With high hopes for success after making it to the Western Conference finals, the Houston Rockets began their 2015-2016 season with a 4-7 record, resulting in the firing of head coach Kevin McHale.
The Boston Celtics legend joined the Rockets staff in 2011 and spent four full seasons as the team’s head coach. McHale went an impressive 193-130, making him the winningest coach in the franchise’s history. With all of McHale’s success, what went wrong? Why was he fired only 11 games into his fifth season with the franchise?
The obvious reason is that the Rockets got off to an awful start. The Rockets record, disappointing as it is, isn’t entirely indicative of the Rockets play. They aren’t just losing games; they are being blown out by teams they should be beating. The players have looked lackadaisical on both ends of the ball, and it is clear that effort has become a greater problem than execution.
Deemed a player’s coach, McHale eventually lost the trust of his players. Since hired as the Rockets coach, McHale’s roster has seen a complete turnover. Not a single player from the Rockets 2011 roster remains on the team.
Until 9:50, McHale had best winning percentage of any Rockets coach in franchise history. Not anymore. J.B. Bickerstaff takes over lead.
— Jonathan Feigen (@Jonathan_Feigen) November 19, 2015
Since landing Harden in a trade with Oklahoma City, the Rockets have made the playoffs each season. While one could assume that McHale’s winning record speaks of his coaching ability, in truth, McHale’s success is in large part due to the play of superstar James Harden.
Hired a couple of seasons after the Rockets lost franchise pieces Yao Ming and Tracy McGrady to injuries, McHale came to the team during a rebuilding process. In McHale’s first season, nobody would have been able to foresee that a year later the Rockets would add then 6th man of the year James Harden to their lineup who would eventually transform into one of the league’s best.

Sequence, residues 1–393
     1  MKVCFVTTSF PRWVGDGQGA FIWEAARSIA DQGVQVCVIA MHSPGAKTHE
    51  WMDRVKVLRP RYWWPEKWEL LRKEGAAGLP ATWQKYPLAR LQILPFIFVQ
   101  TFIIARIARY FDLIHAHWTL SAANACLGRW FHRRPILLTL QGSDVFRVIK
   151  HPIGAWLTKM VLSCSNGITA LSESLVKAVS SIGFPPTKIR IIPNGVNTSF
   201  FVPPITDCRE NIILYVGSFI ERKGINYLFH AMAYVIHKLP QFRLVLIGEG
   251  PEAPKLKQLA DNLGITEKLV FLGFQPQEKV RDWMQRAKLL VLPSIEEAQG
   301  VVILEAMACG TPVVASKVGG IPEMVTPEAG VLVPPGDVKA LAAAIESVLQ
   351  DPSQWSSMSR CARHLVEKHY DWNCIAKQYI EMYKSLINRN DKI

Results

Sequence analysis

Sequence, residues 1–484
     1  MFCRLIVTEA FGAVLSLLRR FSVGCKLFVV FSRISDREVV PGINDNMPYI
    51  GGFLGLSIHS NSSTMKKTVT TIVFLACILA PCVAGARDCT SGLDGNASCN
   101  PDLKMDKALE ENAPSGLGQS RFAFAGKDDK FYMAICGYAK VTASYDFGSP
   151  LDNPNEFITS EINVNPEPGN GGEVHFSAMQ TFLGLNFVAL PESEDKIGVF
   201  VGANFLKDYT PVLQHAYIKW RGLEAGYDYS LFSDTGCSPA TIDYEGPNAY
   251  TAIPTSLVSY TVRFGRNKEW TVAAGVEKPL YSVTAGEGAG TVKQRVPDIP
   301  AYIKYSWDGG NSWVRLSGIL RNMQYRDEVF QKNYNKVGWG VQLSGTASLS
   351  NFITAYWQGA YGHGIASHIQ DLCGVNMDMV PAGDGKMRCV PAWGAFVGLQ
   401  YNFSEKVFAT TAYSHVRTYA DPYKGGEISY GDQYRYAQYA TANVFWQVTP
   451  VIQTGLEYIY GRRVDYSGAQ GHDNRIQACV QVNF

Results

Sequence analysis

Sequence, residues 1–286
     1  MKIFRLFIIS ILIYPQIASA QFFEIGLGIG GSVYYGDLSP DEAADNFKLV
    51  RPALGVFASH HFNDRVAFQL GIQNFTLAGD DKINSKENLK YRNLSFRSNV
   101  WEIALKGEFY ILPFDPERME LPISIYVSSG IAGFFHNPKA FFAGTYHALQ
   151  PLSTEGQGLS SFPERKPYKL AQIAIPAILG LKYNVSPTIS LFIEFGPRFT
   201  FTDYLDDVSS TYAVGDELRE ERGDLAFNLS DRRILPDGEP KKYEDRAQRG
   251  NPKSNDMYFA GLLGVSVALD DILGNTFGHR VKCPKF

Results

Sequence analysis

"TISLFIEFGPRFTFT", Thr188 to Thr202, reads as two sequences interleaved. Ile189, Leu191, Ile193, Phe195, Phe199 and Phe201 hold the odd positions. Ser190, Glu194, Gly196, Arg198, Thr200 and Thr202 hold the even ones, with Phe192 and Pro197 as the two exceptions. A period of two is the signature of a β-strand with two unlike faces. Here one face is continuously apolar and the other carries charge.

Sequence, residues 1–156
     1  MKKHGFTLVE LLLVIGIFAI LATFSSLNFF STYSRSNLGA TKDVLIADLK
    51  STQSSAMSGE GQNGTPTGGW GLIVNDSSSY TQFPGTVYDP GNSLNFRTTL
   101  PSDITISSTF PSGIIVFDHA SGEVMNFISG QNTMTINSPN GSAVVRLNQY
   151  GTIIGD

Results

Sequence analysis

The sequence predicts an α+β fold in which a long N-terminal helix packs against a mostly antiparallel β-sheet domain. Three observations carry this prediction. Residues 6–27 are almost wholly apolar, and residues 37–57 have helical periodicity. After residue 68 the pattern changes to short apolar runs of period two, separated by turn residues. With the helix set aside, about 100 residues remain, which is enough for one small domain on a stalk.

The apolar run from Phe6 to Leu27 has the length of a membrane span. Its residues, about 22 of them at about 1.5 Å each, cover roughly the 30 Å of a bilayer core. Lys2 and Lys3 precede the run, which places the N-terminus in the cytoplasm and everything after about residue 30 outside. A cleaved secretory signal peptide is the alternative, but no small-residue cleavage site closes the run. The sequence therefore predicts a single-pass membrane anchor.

The fact of the matter is that whether or not he is capable of coaching a championship level team, McHale was hired to coach a team that was in the middle of rebuilding.
On paper, McHale had a good run with the Rockets. He had a winning record, and made the postseason 3 out of his four years with the team. Anyone who has spent significant time watching the Rockets, however, understands that McHale is far from being a great in-game strategist.
The Rockets offense under McHale’s reign has basically consisted of giving the ball to Harden and letting him try to get into the paint, in hopes that he will either make it all the way to the basket, or find someone for a spot up three when the defense collapses on him. If that didn’t work, the Rockets were out of luck.
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In the Rockets first game without McHale Wednesday night against Portland, Rockets fans got a breath of fresh air when the Rockets made an in-game offensive adjustment. After struggling to score the ball all night, the Rockets began to play inside out with James Harden on the post in which they were able to erase a double digit defecit and win the game in overtime.
In-game adjustments on both ends of the basketball are something the Rockets need more of in order to eventually win a championship. The players may have gotten along with McHale, and they may have found success in running an offense that had little direction, but a strategist with a clear game plan and an ability to change the direction of that plan during a live game is what the Rockets need in order to compete at the highest level.
For a couple of seasons now, I have been of the opinion that the Rockets would not be able to win a championship with McHale as the head coach. As I mentioned earlier, McHale was hired to coach a team that was in the process of rebuilding, not a team with hopes to compete for a championship. For now, the Rockets will put their trust in interim head coach J.B. Bickerstaff, hoping that he can succeed where McHale failed. Bickerstaff will try to get the second win of his head coaching career tonight against the Memphis Grizzlies.